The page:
"It's so interesting for me as a fan of the show — I'm not around for people when they do their scenes," Goggins said. "I'm just there for what Boyd does, and I tend not to read those parts of the scripts when they come out, because I don't want to know. Especially this year. I really doesn't want to be affected by the words I read on a page about what's [going on] with Ava and Raylan. But if you look at it, Boyd is a man from the very beginning of the show, who knows more than anyone in a room. Chapters ahead of anyone else, except for Raylan. And sometimes it goes back and forth and he may be a sentence ahead of Raylan or a sentence behind Raylan. But this year, he doesn't see it. He doesn't see the betrayal by Ava. He doesn't see Zachariah until something glaring happens. He doesn't see the things around him because he's so focused on one thing: one last big score in order to leave a life that is not surrounded by violence."
"I equate Boyd's journey to a dude slinging rock in Harlan, or a guy mixing up oxycontin in his basement in a rural part of this country — how do you get out?" he continued. "What do you have to do? Is it education? And that works for a lot of people, when they get those opportunities. But in Boyd's case, when you're raised in a culture of violence, that's all you know, and that's what you fall back on. For him, it is a deep, deep desire to rise out of that violent adolescence poverty, that restricted small-mindedness that keeps him going. He's just trying to break the ceiling to get to some fresh air, because he's been breathing stale air his whole life. And it's so interesting to me as being a part of the show to be like, 'Don't you f---ing see? Can't you see? They're right there!' But he doesn't. And it'll be really interesting to see how that plays out. And what are the [lines] Boyd has to cross over. What is the point of no return this season in his pursuit for that goal, and how will he pay for that?"
For Goggins — who wrapped his work on the FX series last week and is filming Quentin Tarantino's Hateful Eight — shooting the final episode of Justified was a roller coaster of emotions. "I feel like we did 13 episodes in [shooting the finale] from an emotional standpoint," he acknowledged. "It was much harder than I anticipated it being, having been around that lap before with The Shield … it's so bittersweet. But I'm proud of it. I think we're all proud of it."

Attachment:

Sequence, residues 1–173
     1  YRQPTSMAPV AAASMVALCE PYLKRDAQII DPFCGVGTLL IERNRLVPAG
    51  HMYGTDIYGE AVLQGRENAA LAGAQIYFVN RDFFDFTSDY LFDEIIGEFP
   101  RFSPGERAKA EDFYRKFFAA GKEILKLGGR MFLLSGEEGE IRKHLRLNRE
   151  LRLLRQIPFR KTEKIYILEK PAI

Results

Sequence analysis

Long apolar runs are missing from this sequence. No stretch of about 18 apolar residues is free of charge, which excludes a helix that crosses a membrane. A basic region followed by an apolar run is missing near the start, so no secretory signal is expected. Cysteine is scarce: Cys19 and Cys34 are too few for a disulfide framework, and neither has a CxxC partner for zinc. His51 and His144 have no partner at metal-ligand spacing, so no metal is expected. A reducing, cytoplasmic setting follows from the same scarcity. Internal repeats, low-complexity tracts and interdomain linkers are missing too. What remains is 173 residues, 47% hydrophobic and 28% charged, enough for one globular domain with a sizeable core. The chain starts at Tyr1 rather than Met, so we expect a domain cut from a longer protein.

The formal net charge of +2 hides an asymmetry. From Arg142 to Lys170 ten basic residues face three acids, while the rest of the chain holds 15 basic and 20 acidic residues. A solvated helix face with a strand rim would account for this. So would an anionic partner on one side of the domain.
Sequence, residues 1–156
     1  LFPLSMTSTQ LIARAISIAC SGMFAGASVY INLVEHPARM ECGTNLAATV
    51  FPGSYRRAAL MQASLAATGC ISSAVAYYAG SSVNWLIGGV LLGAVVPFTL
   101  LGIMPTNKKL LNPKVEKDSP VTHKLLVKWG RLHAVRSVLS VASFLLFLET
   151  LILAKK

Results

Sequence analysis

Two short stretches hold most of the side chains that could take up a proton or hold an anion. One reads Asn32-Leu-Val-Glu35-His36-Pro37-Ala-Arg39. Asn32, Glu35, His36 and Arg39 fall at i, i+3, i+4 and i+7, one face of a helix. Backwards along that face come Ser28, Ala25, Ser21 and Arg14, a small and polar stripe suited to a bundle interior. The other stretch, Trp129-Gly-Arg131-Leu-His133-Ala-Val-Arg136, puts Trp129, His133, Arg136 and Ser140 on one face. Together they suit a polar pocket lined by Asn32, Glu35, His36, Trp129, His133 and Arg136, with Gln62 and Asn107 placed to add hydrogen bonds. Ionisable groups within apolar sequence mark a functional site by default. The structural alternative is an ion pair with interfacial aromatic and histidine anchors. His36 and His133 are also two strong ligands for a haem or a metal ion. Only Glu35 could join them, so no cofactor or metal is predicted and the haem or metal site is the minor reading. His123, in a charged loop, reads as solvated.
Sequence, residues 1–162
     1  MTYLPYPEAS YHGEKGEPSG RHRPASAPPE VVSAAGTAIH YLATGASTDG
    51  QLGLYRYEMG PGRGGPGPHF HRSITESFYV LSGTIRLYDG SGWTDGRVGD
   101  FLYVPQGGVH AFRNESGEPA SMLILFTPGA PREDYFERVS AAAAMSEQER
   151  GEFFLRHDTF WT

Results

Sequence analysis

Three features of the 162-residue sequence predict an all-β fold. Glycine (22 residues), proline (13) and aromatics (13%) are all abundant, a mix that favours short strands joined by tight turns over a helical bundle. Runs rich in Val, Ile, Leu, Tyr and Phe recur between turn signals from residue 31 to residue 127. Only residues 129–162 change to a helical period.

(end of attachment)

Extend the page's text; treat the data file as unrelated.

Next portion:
"There was such finality [from the start] in that moment [of losing Dewey]," he continued. "And then you say goodbye to directors who come and go with every episode, and actors who come and go, and you don't know from script-to-script if it's going to be you … I got to see a lot of people have their last goodbye, and that takes its toll on you. You know, eventually, you're going to be the person at the center of attention, giving that speech, and what are you going to say?"
And while Justified creator Graham Yost was open about the ending being very much up in the air, Goggins shared that he was a part of the conversation about Boyd's ultimate fate for a bit of time.
"It's been an ongoing conversation for a long time," he said. "This season, at the very beginning … we had a conversation, all of the people who needed to be there about what they were thinking. Some of those decisions were outside what I was hoping for for Boyd, but as it turned out, it was the right decision. But I don't think Graham landed — and we didn't land as the voices of these characters — on exactly what was going to be said or how it was going to go down until the day of [shooting]. The story was in place, and Graham knew what he wanted, and the writers knew what they wanted. And I knew to a degree what I wanted, and Tim knew what we wanted, and it was still fluid on the day. This show has always been by committee, with one strong leader, and that is Graham Yost. He is not insecure in a way [that would prevent] making it a collaborative process; it's always been that, for both Tim and I. That's a rare gift, to be able to invite your two leads to sit at the table that way. And in doing that, it has made it trying at times, but I think we have a better product because of it. No one's coming from ego; it's all about trying to live up to the elephant in the room, which is Elmore Leonard. Graham and Tim keep us honest on the Elmore front, and I try and keep us honest on the serialized, kind of darker heart front. That's how it came down. But I think the fates conspired to be something that is satisfying to us, the creative counterparts. I just hope the audience likes it. It is what it is. I think it spoke to us. I think Graham was right making the decision he made."
Justified airs Tuesdays at 10 p.m. on FX. What did you think about Boyd finding out Ava's secret?